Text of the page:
Ouagadougou, Burkina Faso:

2iE led Innovation Fund: Impact of Sanitation in flooding Risk in Ouagadougou. This joint pilot project involves AMMA-2050 and HyCRISTAL researchers. Using the knowledge of the current status, understanding of flood-affected areas of the city AMMA-2050 will then be able to develop the conceptual SFD model. The aim of the work is to understand the impacts of climate change on urban WASH systems by combining the SFD model of HyCRISTAL with the urban modelling work being done in AMMA-2050’s pilot study in Ouagadougou. There has been an exchange of flood data and sanitation information from 2iE to Leeds, using this, a preliminary set of information slides will be prepared for the upcoming stakeholder meeting in May in Burkina Faso. This will demonstrate how AMMA-2050 are integrating climate change information and flood information on urban WASH systems.

In both Senegal and Burkina Faso, AMMA-2050 are working with feedback from stakeholders that will be assessed to further support medium-term decision making.

The bulk of the project was completed in November 2019, but additional activities are continuing. The four activities below were identified as key to the success and legacy of AMMA-2050 and received further funding until March 2021:

  • Development of tools to describe changing rainfall patterns for engineers. This work involves creating Intensity Duration-Frequency (IDF) curves which capture the statistics of individual rain events and are used in designing infrastructure. The work involves combining different strands of information to provide the underpinning science on which AMMA-2050 can develop future IDF curves, and critically, their associated uncertainty. Our geographical focus expands out from our pilot study in Ouagadougou to the wider Western and Central Sahel. This activity will also include training for National Met Services in the provision of IDF curves.
  • Geo Portal – The primary access to AMMA-2050 information across Senegal is via a web-based Geo-Portal, co-funded by the French Ministry of Foreign Affairs. We are building on the success of this tool by incorporating the new CMIP6 data into the portal and to increase its use through a training and communication program on climate change impacts. Through this training we hope to further develop the cohort of trained researchers on the use of the web based Geo Portal and to acquire the necessary learning to accommodate feedback from users.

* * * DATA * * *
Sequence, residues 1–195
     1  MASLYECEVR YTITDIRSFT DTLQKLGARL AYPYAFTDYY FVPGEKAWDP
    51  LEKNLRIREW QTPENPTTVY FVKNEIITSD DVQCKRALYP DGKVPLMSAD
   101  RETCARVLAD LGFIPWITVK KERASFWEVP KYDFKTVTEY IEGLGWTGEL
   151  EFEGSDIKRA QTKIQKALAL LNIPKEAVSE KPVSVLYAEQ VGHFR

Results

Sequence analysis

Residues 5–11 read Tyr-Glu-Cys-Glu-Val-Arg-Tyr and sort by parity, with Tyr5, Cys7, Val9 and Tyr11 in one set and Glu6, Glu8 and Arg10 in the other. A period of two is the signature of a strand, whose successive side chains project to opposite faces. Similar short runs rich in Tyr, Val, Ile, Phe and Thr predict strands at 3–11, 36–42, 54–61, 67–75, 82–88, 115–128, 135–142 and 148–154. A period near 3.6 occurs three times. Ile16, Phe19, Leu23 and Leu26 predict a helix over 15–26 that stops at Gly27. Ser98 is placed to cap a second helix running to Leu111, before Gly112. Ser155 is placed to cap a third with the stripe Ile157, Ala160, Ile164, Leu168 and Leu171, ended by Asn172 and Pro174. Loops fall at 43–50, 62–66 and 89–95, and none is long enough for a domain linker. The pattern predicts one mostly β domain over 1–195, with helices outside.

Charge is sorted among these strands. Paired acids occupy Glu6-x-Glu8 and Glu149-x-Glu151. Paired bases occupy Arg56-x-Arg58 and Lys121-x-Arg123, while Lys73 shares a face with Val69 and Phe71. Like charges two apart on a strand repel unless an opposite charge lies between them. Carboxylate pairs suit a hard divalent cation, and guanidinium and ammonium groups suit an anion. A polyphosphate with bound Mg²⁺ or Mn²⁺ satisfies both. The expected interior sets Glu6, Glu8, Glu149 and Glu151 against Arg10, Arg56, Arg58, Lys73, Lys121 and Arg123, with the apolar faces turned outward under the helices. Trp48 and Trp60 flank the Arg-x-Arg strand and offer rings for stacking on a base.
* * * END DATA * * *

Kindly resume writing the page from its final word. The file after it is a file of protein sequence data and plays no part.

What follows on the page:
• Engagement in Ouagadougou – Delivering training for non-technical decision makers on the following key learning points from AMMA-2050:
    • Key messages and implications arising from AMMA2050
    • Explaining tools and uncertainty in data Exploring flood maps and potential applications
    • How flood maps can feed into the Ouagadougou urban plan and the urban observatory
    • What is an IDF and how can they be developed and used
    • What are the additional needs of stakeholders


  • Training and Shared Learning – We aim to improve current understanding of future climate variability and change in West Africa, with particular focus on key learning from AMMA-2050. We will employ updated information slides on Key Messages and develop a finalised policy brief on this for a non-technical audience. Working with our ISRA partners we will also develop a training module on gender and inclusivity to be delivered alongside the training in Senegal and Ouagadougou. In the development of this module we will undertake a review of the implications of AMMA-2050 learning about climate change and high impact weather (HIW) for women and inclusivity.